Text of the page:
by Anne O. Nomis
Anna Nomis Ltd (publisher) 
ISBN: 978-0992701000

A dominatrix once saved my life.

She didn’t know it at the time and she’s never been much inclined to acknowledge that fact... but I think that, in itself, says a lot of good things about her character. That’s an anecdote for another time, though, and this certainly isn’t the place to tell that story. The reason I even bring it up is because it left me with a certain amount of respect and affection for both the woman and the trade in which she worked. A world which even now still exists in the shadows somewhat, while simultaneously having the most exposure due to the global internet community than it’s ever had before.

Even so, it’s very hard to believe, although true, that this very limited first edition of The History & Arts Of The Dominatrix is the first of it’s kind. The pseudonymous author, the mysterious Anne O. Nomis, has taken up the challenge of researching, unearthing, compiling and then, in this book, highlighting the... well, the story of the dominant female throughout history and the legacy handed down, often subconsciously, to the modern ladies who practice this particular art.

My curiosity for this book was initially piqued by a stray retweet of the author on Twitter and, when I read up on it and saw the hefty £48 plus postage and packing price tag, I have to admit that I was less than happy about the cost. Having said that though, there are lots of books out there priced similarly these days but, usually, they rarely do what is claimed in their blurb. This book, to be honest, sounded a little too good to be true...

However, it’s my great pleasure to report that, quite surprisingly, it actually does do what it says on the tin... or in this case, it does what it says in the gold embossed letters of this absolutely beautifully bound and designed book (designed by Anna Egan-Reid) and printed in its interior on a beautiful paper stock. It’s rare but, in this case, you can invest a certain amount of belief in what I thought was the writer's initial hyperbole. The design is reportedly influenced by, to a certain extent, a rare tome called 'Index Librorum Prohibitorum', or 'Index of Forbidden Books' (1877) which was put together by Victorian 'erotomaniac' Henry Spencer Ashbee.

The book starts off with a brilliant introduction by the author, clearly stating her intentions and relating the events, tragedies and serendipity which brought her to write about a subject which has obviously become one of her passions over the years. That really comes out in the enthusiasm behind the writing and even from the intro, I was literally hooked.

The History & Art Of The Dominatrix is split up into a few lengthy chapters and starts with an ancient Sumerian deity who was basically a dominatrix Goddess, for want of a better term. Rituals of worship to her would have submissive men in scenes involving gender modification, pain, ecstasy and other happenings directly relevant to the practices of the modern dominatrix. The writer makes a very convincing case as she potters through ancient history, unearthing facts about dominant and submissive behaviour and relating these interesting historical encounters and ideas to the reader in a very easy and accessible way, thankfully losing any academic trappings in her language (although the research is nothing but scholarly, for the most part) and imparting her ideas with humour and verve. I don’t know who this lady is but I’m very taken with her style of writing.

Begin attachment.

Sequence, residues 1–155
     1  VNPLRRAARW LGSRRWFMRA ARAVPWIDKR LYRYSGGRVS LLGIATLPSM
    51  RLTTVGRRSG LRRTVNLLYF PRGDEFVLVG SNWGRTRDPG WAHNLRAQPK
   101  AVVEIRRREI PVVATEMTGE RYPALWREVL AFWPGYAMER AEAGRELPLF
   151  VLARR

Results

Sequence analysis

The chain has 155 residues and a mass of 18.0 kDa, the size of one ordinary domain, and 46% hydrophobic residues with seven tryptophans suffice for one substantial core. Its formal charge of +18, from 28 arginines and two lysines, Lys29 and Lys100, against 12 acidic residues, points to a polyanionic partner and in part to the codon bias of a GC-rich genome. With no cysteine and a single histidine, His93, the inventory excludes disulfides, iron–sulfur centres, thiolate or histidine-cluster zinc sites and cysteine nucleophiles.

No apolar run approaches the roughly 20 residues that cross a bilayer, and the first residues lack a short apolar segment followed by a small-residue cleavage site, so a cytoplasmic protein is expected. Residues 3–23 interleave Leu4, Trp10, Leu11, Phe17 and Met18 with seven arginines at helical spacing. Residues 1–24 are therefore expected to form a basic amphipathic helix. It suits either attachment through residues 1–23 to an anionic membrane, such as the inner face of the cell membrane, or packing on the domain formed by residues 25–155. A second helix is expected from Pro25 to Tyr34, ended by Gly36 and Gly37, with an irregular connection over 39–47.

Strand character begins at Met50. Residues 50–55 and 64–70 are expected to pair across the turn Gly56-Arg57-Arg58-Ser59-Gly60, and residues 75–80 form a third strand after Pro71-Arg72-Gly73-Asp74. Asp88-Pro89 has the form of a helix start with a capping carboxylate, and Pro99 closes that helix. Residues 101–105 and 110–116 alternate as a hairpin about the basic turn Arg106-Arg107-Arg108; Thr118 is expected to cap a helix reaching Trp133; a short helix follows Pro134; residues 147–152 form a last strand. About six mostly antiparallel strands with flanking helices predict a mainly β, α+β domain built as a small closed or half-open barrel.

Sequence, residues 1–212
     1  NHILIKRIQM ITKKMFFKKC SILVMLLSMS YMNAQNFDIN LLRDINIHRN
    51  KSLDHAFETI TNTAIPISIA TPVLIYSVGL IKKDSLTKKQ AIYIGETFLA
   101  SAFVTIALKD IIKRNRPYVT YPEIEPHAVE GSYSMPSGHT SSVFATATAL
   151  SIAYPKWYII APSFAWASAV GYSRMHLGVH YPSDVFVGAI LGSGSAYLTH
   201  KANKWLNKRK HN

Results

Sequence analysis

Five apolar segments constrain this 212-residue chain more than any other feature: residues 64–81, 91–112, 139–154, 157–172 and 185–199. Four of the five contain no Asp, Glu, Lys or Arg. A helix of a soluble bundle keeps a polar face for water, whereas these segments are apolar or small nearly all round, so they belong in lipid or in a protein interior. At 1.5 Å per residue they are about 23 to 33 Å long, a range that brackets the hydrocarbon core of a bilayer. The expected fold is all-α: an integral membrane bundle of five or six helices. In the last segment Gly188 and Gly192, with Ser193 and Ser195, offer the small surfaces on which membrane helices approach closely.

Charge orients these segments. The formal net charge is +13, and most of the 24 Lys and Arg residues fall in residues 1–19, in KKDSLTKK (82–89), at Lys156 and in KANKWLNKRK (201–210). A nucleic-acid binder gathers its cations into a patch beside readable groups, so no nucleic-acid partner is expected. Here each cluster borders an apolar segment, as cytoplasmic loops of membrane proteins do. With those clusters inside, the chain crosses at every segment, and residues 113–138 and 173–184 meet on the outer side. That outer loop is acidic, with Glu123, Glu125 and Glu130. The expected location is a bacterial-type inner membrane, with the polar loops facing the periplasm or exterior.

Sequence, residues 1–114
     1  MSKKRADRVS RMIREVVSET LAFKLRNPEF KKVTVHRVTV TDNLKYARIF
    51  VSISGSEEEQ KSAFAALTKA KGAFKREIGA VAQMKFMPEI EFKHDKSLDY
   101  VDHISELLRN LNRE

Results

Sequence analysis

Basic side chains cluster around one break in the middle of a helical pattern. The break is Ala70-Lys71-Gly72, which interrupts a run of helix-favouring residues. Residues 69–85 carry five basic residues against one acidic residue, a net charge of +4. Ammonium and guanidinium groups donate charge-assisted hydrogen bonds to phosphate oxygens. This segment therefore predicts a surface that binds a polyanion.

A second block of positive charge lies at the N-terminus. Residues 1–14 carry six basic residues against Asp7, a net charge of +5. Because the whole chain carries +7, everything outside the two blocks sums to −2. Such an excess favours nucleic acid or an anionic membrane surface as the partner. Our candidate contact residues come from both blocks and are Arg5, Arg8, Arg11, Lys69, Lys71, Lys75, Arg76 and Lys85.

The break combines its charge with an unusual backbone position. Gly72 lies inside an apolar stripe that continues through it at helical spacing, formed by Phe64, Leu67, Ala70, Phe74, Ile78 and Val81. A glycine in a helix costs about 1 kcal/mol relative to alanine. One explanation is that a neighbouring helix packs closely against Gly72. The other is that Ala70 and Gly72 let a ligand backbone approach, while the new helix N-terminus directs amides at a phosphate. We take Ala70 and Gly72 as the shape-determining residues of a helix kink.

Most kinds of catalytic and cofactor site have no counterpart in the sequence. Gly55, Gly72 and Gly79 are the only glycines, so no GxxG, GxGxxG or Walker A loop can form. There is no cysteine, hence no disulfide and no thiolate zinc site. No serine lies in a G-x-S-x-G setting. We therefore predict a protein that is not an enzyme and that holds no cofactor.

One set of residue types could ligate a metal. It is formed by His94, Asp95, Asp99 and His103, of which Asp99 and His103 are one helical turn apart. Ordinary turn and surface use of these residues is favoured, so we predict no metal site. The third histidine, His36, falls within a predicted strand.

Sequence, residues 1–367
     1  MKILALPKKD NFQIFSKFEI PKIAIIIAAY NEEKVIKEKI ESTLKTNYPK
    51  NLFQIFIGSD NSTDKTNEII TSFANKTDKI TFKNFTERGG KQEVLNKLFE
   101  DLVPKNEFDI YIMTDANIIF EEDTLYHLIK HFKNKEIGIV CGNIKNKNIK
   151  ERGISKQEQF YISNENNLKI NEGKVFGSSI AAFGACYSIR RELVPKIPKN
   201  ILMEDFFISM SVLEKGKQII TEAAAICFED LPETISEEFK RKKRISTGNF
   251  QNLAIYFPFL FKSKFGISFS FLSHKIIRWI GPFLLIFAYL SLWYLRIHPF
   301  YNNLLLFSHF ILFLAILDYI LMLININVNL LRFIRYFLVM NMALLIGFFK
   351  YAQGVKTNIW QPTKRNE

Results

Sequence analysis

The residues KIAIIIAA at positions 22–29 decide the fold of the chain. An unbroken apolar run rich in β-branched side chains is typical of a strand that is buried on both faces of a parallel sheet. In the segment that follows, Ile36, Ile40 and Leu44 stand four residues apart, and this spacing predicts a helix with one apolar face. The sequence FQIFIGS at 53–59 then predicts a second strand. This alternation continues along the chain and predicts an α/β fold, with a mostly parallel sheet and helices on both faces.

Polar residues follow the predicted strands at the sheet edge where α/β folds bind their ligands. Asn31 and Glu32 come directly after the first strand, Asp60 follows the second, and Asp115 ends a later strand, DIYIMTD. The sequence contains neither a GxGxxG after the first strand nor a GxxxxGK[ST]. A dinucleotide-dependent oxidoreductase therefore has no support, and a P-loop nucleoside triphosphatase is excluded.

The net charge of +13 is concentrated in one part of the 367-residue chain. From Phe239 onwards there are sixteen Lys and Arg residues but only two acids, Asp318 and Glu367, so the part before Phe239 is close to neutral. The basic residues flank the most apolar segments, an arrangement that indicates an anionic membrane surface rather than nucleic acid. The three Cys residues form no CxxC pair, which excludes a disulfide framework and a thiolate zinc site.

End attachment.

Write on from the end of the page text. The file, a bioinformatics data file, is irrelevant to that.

This chapter, of course, takes into account the possible reasons for the fact that a lot of the stuff she talks about here is information of the lesser known kind. Simply put, the dominatrix represents a strong image of ‘female sexual power’ - three words, as the author points out, which tend to be feared and swept aside in what is historically perceived and rewritten as a man’s world.

This first section also alludes to such things as the use of jewellery and make up being used as the powerful and alluring war paint of the female dominant... so nothing changes there then in terms of modern day usage of this stuff by the average woman, it seems to me. Also, there’s some emphasis that images of sexual Goddesses in ancient times, found in sculpture or other historical artefacts, are depicted using exactly the same kinds of poses and visual language found in photographs and illustrative content used to depict or promote the modern dominant in recent and modern media such as telephone box cards, magazines and websites. This is very much a book about the relevance of history to the contemporary world.

The second chapter jumps a bit in time, seemingly due to a total lack of ‘known’ documentation about the subject, until it catches up to the next reported “sightings” of the dominatrix in history, around about the late sixteenth century, and touches on such interesting connective strings as Sir Francis Dashwood and his infamous Hellfire Club (I believe Alastair Crowley was a member of this at one point) while also addressing, tangentially, some personal theories I have on the nature of this level and variation of sexual play... but I won't subject the reader here to my own conclusions surrounding this subject.

This chapter/section also includes the notorious ‘governess’ Theresa Berkley, who invented, among other torture devices, The Berkley Horse. She was certainly a high profile professional dominant in the 19th Century and, although it doesn’t mention this in the book, she was supposed to be the real life inspiration for the Rosa Coote character in the infamous Victorian ‘underground’ magazine The Pearl. It was specifically the likely inclusion of Theresa Berkley in The History & Arts Of The Dominatrix which was the clincher in me taking the plunge in investing in this rich tome, for reasons which are probably best left unclear in this blog.